ERIC Number: ED208983
Record Type: RIE
Publication Date: 1981-Aug
Reference Count: 0
The Importance of Comparative Research in Psychological Preparation of Children.
Current research indicates that hospitalized children may profit best from preparation for surgery that is individually suited to their particular way of responding to hospitalization. It is likely, however, that preparation treatments will be provided for children in groups. Therefore, an attempt has been made to design and test information and modeling procedures which can be presented to a group of children but also which can be subsequently individualized by parent and child to suit the child's needs. Four treatment groups were compared: (1) the first group received information in the form of a puppet show (the puppet told the children about aspects of hospitalization, including admission procedures, the pre-surgery medical examination, anesthesia, surgery and recovery); (2) the second group saw the puppet presentation and a film about a young patient going through hospitalization, surgery and recovery; (3) the third group received the puppet presentation plus added coping material teaching children to relax their muscles and to use imagery and self-instruction; and (4) the fourth group saw the puppet presentation, the coping material and the film. As expected, the use of these procedures was found to be effective, but, unexpectedly, children exposed to the film plus puppet show were more anxious and less cooperative than children who saw only the puppet show. Since comparisons between the film and the other procedures would be invalidated if the film was ineffective, a similar study, including a control group, was conducted. The film was transferred to videotape and a few alterations were made in the sequence of scenes. Experimental group children were given the chance to view a puppet show, a videotape produced locally, or the videotaped film. All three procedures were equally effective. Pragmatic implications are discussed. (Author/RH)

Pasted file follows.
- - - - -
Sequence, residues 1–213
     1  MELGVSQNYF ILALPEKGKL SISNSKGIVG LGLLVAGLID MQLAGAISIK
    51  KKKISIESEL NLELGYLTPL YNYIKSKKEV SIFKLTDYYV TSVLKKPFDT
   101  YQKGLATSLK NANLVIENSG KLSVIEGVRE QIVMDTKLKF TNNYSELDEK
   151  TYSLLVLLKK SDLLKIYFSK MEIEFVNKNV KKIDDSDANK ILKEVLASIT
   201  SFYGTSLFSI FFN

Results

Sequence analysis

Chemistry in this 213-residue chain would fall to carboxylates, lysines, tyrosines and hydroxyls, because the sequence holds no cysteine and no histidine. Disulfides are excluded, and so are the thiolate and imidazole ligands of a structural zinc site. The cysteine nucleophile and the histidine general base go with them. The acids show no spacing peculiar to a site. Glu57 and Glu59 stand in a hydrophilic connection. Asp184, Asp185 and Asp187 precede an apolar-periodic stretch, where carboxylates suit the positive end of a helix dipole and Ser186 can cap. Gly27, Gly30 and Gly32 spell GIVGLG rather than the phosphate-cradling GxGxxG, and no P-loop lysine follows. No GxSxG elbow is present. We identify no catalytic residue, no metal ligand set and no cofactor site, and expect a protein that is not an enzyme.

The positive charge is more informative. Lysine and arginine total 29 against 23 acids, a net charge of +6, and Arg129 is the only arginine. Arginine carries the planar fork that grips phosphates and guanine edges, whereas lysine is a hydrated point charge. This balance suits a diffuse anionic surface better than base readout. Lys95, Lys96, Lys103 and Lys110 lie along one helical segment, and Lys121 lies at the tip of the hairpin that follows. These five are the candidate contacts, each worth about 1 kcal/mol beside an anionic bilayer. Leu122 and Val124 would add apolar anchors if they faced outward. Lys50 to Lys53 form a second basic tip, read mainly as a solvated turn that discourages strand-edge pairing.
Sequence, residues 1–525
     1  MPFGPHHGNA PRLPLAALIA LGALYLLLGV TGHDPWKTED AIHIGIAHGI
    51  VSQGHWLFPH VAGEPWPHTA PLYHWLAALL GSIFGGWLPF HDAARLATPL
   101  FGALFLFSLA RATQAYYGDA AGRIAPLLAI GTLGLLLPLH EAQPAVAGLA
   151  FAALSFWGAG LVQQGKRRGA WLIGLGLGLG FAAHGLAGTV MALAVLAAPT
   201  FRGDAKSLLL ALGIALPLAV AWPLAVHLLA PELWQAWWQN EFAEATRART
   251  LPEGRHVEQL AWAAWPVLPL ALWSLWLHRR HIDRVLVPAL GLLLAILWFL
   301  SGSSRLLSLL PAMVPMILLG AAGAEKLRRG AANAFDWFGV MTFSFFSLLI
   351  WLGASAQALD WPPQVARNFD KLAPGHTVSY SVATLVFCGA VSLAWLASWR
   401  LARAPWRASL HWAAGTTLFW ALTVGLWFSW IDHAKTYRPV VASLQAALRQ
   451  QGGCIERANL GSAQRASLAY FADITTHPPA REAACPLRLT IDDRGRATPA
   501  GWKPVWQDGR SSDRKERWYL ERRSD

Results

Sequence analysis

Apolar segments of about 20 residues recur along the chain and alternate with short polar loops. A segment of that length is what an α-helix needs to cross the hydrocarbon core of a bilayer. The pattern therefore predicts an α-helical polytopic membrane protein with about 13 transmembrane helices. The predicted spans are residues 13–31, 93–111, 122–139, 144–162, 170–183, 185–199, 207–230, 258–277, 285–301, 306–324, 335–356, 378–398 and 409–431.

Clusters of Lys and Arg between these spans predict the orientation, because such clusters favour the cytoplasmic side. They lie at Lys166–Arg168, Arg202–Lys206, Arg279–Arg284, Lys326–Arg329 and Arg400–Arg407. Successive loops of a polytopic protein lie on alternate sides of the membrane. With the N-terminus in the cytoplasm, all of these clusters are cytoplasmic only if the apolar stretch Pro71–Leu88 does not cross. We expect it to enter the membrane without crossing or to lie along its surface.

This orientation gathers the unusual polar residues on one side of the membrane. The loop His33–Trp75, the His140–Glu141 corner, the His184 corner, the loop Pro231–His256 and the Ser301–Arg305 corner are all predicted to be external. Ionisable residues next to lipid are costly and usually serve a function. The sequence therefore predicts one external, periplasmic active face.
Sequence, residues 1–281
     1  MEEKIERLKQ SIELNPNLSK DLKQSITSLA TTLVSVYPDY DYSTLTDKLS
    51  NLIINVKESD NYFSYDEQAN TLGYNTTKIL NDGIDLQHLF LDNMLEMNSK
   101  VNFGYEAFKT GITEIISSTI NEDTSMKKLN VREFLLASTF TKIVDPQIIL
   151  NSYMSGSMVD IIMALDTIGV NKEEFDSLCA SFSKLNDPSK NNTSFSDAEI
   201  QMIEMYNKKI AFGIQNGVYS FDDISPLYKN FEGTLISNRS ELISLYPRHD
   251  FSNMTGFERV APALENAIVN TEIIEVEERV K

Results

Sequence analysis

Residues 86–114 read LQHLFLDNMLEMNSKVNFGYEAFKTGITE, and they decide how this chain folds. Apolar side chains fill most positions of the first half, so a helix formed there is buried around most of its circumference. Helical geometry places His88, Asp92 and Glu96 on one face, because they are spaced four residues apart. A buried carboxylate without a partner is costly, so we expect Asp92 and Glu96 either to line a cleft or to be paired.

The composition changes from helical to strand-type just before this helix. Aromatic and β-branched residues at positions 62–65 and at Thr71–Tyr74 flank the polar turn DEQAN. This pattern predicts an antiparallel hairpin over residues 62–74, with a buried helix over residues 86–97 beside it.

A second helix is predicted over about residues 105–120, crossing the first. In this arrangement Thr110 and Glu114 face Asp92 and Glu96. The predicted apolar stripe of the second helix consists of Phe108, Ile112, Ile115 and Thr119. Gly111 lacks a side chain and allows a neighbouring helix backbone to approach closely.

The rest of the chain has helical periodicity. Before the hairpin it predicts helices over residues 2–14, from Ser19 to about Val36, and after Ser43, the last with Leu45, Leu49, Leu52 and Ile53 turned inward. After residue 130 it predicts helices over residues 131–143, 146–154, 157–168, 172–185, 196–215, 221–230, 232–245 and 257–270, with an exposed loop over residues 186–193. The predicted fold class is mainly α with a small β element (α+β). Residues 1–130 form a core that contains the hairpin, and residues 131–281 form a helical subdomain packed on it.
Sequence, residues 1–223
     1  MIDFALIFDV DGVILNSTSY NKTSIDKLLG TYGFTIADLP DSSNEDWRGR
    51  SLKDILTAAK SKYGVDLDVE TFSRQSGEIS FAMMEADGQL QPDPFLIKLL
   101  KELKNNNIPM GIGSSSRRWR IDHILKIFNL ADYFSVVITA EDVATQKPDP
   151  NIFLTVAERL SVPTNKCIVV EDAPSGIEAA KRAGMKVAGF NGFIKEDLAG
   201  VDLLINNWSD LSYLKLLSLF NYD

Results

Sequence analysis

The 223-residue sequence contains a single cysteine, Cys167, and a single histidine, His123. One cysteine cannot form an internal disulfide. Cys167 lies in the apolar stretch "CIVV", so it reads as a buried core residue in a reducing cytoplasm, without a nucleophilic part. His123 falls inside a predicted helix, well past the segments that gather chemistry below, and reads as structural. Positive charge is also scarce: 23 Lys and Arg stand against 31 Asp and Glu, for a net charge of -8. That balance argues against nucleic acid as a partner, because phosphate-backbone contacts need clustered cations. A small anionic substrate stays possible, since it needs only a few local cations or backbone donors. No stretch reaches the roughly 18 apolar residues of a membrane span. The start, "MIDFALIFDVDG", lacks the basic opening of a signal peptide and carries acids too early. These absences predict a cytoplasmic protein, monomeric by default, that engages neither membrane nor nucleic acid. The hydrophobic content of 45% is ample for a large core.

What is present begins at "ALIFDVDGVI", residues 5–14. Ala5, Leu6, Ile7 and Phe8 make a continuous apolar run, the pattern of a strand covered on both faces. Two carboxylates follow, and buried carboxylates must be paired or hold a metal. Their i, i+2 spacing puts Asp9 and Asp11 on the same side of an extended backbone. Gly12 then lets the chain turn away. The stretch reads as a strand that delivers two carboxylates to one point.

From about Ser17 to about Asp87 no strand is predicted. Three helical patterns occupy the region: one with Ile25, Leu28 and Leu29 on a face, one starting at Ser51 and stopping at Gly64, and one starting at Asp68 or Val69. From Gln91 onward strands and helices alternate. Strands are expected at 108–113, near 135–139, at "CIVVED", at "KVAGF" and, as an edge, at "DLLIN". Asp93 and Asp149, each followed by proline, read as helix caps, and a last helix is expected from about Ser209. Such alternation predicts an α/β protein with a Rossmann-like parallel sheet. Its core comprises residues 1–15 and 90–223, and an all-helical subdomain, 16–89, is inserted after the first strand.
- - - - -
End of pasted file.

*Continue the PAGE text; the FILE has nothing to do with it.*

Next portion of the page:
Publication Type: Reports - Research; Speeches/Meeting Papers
Education Level: N/A
Authoring Institution: N/A
Note: Paper presented at the Annual Meeting of the American Psychological Association (89th, Los Angeles, CA, August 24-28, 1981).